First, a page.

It is intriguing that Home Minister Hamzah Zainuddin contended that his recent motion to extend the validity of a legal provision under the Security Offences (Special Measures) Act 2012 (Sosma) was voted down on 23 March because not many lawmakers liked his face.
The provision in question was Section 4(5) of Sosma that allows for detention without a court order for up to 28 days.
If we were to follow Hamzah’s reasoning to its logical conclusion, this would mean that only ministers who have “likeable faces” are likely to have their respective bills passed, irrespective of what the intended laws are for or their legal and political implications.
Or to put it another way, not many bills can be passed in Parliament if many ministers are considered by fellow lawmakers as “unsightly”, no matter how much they try to lose weight or do some plastic surgery, for instance.
Hamzah’s contention was in response to an unprecedented failure of the government to get its Sosma motion approved when 86 MPs voted against it while 85 others voted in favour.
The razor-thin majority of nays were largely brought about by the absenteeism of 49 MPs, which included two senior ministers, five ministers and six deputy ministers, as well as top Umno leaders such as its president Zahid Hamidi, its secretary general Ahmad Maslan and former Prime Minister Najib Razak.
The absence of government MPs in particular prompted lawmaker Tengku Razaleigh Hamzah to call for the sacking of the cabinet members concerned. But, having said that, he did not think that Prime Minister Ismail Sabri Yaakob would do that as it would jeopardise his position.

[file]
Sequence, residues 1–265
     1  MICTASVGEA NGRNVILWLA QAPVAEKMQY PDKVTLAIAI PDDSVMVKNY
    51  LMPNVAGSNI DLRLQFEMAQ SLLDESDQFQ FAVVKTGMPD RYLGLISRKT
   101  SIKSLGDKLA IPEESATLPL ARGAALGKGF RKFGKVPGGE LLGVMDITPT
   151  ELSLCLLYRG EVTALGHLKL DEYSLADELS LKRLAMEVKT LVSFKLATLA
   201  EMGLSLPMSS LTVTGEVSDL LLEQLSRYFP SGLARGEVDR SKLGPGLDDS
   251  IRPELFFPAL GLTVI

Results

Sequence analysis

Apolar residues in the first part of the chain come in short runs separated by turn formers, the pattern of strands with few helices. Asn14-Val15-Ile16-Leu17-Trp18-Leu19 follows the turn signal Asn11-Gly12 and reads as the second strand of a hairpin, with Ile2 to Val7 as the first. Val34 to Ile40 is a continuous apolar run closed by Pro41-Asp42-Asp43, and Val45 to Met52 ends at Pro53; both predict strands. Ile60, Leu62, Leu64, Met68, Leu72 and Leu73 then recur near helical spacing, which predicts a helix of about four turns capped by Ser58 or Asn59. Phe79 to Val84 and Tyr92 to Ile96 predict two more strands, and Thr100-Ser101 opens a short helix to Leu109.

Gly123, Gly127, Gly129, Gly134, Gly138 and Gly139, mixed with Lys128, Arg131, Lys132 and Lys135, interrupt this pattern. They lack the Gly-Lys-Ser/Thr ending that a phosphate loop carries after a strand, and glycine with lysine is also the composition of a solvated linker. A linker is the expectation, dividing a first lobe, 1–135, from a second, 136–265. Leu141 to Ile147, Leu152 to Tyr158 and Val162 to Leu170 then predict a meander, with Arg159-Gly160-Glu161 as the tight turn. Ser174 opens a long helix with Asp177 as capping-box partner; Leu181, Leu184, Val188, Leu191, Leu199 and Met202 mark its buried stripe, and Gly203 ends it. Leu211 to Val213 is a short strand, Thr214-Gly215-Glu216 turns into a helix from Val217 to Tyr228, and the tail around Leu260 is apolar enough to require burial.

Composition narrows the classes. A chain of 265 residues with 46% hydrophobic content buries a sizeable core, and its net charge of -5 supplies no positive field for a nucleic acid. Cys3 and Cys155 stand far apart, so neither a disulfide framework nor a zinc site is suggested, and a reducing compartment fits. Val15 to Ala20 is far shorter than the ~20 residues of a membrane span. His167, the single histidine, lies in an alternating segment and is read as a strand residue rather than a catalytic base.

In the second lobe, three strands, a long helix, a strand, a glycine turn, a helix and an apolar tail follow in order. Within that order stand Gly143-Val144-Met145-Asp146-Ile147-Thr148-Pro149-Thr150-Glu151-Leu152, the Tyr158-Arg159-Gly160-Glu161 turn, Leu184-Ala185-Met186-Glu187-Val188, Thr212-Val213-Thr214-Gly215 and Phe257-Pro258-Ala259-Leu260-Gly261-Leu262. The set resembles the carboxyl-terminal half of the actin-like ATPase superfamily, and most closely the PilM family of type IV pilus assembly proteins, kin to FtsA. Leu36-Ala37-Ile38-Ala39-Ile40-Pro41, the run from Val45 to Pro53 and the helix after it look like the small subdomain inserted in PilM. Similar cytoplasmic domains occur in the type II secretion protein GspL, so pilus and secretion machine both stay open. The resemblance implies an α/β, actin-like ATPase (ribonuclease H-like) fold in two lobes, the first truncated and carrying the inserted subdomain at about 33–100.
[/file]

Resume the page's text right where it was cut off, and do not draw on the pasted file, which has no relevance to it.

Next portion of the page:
Be that as it may, we would think that Hamzah made such an expression in jest, as he should know that parliamentary bills are supposed to be scrutinised and voted for or against by MPs after weighing the pros and cons – and not arising from such spurious excuse as an “unappealing face”.
Similarly, absenteeism should not be used as an indirect means to vote a motion down to the extent that the government was said to have lost its “moral authority” and therefore it should call for a general election, as certain absent Umno MPs were alleged to have aimed to do just that.
As a result, Communications and Multimedia Minister Annuar Musa (from Umno), for instance, argued that Pakatan Harapan had violated article 3.3(b) of the Memorandum of Understanding (MoU), which he claimed required the opposition to support any motion proposed by the government. That is carte blanche, which should not be the case.
However, the federal cabinet, of which Annuar is a member, declared eventually that the MoU still stands as the opposition did not violate the agreement.
The motion to extend the shelf-life of Sosma should not be scuttled merely for such a questionable political design, if the allegation is true.
To be sure, the Sosma motion should be considered by MPs as important to be addressed because of the contentious nature of the law.
Critics and advocates of human rights as well as the MPs who voted against the Sosma motion fear that unfettered powers to detain suspects for any length of time could lead to abuse. Thus, judicial oversight is vital in such detention of suspects for any criminal or suspected acts of terrorism.
To retable the Sosma amendment bill, as planned by the home minister, will only revive the fears and reservations of concerned Malaysians.
It is hoped that MPs, who are supposed to represent the interests and concerns of their electorates, would not play hooky for reasons that would only mock the augustness of the Dewan Rakyat. – The Malaysian Insight